Arizona Gov. Jan Brewer (R) wants enrollees in the state's job-training programs to prove they're not on drugs.
A recent executive order creating a "Workforce Arizona Council" designed to review the state's job-training efforts calls for the board to "adopt policies that will require persons enrolling in a taxpayer-funded job training program to be drug-tested."
Brewer's office did not respond to a request for more information about her order Wednesday.
Two other states have recently had job trainees pee in cups to prove they're living clean. In each state, the test results suggested unemployed workers in job training actually live a lot cleaner than most people; less than 1 percent of jobseekers had used drugs.
Out of 756 West Virginians who have peed in cups as part of a training program that started last year, only seven tested positive for drugs.
Surveys usually show that roughly 8 percent of the general population uses illicit drugs in a given month, with a significantly higher rate of drug use among people who don't have jobs.
But the results in West Virginia and Indiana seem to refute official claims that drug abuse is a significant problem among the unemployed -- something politicians across the country routinely say they hear from local employers looking for workers. West Virginia Gov. Earl Ray Tomblin, a Democrat who launched the drug testing in his state with an executive order in April, said at the time that businesses leaders were always telling him "that they have jobs available but the candidates cannot pass a pre-employment drug screening."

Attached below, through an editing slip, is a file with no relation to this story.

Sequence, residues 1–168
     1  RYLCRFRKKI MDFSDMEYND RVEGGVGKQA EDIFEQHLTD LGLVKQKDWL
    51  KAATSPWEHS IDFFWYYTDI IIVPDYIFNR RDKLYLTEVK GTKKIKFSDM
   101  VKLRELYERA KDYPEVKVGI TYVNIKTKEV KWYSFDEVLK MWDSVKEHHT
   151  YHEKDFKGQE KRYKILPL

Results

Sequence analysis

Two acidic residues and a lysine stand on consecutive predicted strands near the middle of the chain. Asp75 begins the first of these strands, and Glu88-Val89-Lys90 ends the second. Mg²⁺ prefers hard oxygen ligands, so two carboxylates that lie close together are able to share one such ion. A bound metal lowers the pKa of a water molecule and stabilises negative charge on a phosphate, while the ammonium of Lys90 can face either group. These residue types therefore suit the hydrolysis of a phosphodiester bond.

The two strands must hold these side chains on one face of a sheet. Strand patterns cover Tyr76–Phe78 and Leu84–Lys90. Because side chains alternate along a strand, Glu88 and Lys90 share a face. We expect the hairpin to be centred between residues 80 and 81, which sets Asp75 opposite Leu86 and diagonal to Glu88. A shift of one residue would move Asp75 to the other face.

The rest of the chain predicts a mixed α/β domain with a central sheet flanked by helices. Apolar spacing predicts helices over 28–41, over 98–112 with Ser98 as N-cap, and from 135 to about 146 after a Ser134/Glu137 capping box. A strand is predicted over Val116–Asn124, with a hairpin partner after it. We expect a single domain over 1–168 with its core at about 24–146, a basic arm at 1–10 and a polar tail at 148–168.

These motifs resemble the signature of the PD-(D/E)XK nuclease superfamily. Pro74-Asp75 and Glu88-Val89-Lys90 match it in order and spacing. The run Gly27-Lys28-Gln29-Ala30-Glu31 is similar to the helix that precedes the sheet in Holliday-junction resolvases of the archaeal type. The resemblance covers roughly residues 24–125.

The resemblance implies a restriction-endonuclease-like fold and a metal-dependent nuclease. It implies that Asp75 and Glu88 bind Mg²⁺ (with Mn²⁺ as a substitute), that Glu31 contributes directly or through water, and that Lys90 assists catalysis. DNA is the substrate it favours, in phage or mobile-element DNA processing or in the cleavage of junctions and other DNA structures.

A Tomblin spokeswoman noted that fewer people enrolled in the job training program after the testing started last year compared with the same period in 2011, but cautioned that more data and time are needed to assess the drug screening's impact on participation in the program.
At $47 per test, the drug screening has cost the government more than $35,000.
Republicans in the Arizona legislature last year wanted drug testing for unemployment claimants -- a policy also sought in other states -- but relented when they learned blanket testing would run afoul of federal unemployment regulations. However, Congress tweaked that law last February to give a new opening to those states that want to require testing as a condition of receiving jobless benefits. (Legally, there is a lower bar for testing people enrolled in government training programs than those entitled to unemployment insurance.)
This story has been updated to include more recent data from West Virginia's drug screening program.
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